Daniel Voyager had some statistics about the SL10B published on his blog. While there have been no numbers for the number of visitors (for SLB6 more than 17,000 residents dropped in at some point while it was open), it does say over 640 were present at the moment of the grand opening. For the 22 sims, there were 375 exhibits and five stages, with 470 applications submitted by performers and among the staff, 115 alone were registered as greeters.
Click Here for the whole list, along with a link to statistics of previous SL birthday celebrations.
The Second Life Wiki has a "History of Second Life" page. It's from Linden Lab, so there's no mention of the adult content protests and the 30% layoffs. Click Here.
Of Second Life's future, Daniel expressed optimism, "I think we will see more new technology introduced from Linden Lab in
the coming years making Second Life more realistic, faster and better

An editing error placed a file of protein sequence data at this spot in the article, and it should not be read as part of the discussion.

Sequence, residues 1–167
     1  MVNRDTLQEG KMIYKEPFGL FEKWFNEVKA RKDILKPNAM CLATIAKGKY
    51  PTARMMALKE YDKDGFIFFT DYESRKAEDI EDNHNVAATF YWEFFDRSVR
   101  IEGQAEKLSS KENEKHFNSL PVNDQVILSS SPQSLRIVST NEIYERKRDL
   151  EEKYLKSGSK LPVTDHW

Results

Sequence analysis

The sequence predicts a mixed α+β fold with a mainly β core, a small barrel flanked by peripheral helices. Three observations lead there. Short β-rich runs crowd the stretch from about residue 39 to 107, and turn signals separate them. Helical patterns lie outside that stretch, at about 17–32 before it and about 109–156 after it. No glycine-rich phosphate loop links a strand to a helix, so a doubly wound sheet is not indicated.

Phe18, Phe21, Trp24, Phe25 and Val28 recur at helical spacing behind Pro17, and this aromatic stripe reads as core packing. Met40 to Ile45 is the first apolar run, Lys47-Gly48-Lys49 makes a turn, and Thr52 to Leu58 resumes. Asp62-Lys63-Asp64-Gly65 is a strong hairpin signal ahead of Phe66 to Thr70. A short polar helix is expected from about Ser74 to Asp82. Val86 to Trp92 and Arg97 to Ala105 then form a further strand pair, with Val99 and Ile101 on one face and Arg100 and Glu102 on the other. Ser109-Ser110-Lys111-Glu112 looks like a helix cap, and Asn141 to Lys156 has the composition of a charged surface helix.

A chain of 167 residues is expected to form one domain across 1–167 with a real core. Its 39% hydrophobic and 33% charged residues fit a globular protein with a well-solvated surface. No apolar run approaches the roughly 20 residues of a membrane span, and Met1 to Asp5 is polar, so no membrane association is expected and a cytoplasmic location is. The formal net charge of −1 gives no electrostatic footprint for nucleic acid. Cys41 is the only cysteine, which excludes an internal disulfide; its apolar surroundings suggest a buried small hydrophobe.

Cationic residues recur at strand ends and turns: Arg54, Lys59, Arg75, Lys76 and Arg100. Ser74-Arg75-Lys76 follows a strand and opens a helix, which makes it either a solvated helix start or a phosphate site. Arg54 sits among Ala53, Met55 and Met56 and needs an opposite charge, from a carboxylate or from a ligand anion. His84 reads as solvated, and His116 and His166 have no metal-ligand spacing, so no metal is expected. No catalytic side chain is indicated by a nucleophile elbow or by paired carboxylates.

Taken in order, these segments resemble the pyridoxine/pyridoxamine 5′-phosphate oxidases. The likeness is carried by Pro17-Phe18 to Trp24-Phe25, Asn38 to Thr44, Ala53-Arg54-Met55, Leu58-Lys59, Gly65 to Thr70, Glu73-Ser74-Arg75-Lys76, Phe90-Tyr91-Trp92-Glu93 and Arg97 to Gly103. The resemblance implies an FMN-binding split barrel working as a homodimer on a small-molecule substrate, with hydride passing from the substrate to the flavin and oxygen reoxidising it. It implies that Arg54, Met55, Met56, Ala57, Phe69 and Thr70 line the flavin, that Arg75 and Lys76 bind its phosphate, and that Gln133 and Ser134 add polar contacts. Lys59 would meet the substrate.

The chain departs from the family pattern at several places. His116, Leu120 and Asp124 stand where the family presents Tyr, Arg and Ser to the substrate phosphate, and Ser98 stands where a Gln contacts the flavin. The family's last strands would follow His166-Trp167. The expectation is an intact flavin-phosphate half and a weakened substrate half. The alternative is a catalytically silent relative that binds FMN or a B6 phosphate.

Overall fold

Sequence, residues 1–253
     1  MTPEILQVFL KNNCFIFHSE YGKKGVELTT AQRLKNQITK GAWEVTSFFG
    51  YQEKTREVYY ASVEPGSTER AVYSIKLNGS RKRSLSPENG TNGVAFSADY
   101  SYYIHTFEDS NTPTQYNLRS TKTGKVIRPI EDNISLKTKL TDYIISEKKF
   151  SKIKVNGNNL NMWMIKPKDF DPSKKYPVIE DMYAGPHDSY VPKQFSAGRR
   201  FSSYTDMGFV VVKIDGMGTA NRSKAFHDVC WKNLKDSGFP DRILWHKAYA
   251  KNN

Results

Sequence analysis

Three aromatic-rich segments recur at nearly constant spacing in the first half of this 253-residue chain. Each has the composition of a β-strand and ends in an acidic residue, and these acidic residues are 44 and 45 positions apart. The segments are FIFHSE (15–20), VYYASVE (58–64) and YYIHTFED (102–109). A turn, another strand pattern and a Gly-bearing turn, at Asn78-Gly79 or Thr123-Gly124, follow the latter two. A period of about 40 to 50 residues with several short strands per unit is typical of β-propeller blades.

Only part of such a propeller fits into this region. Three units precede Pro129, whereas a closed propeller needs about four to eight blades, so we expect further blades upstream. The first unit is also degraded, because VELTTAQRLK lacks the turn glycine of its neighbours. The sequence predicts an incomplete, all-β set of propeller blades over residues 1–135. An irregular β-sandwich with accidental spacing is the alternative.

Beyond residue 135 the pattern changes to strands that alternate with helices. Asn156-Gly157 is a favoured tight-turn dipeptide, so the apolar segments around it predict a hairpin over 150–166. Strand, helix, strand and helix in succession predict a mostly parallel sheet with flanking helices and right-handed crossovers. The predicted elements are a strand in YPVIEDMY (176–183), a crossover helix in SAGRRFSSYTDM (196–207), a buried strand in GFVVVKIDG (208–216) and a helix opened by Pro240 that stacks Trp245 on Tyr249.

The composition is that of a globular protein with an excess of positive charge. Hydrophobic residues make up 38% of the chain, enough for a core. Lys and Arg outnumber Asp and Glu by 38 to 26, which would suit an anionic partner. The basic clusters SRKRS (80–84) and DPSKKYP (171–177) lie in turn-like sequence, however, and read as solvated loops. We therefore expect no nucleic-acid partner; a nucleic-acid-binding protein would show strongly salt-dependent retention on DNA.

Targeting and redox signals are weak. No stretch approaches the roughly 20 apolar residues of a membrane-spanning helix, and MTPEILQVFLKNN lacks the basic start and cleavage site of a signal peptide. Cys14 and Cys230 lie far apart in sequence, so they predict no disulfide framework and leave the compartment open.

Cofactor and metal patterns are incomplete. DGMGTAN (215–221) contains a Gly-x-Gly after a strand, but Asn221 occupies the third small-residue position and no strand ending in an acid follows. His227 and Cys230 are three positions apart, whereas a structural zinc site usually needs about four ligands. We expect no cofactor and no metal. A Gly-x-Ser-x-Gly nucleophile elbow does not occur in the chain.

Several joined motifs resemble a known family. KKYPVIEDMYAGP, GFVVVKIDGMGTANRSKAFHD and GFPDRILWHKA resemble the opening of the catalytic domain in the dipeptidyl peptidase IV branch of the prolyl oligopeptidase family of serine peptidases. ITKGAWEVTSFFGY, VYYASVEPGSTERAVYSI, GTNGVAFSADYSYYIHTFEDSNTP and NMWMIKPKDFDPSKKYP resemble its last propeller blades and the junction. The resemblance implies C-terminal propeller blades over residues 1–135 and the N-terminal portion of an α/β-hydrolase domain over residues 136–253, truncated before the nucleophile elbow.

Hamlet Au of New World Notes also had a few comments about Second Life, a few which made it to a SF Post article, and more in depth on an article in gigaom.com. Hamlet felt the biggest mistake Linden Lab made with the virtual world was "it ignored what the overwhelming majority of residents were actually doing." While it was pushing things like an "Enterprise" version for businesses to hold meetings, it paid little attention to the roleplaying and other gaming, fashion and shopping, adult activities, and other things which were drawing residents. It might have a second chance to get the larger public's attention as technologies like Oculus Rift make it much easier to use. Another thing that got Hamlet's attention, people with physical and mental disabilities were using Second Life to interact with others in ways that would be difficult to impossible without it.
What do you the readers think? What has Second Life done right, and wrong, in it's ten years, and how do you see it's future? Will there be an SL20B?
Sources: Daniel Voyager, Hamlet Au
13 hours ago
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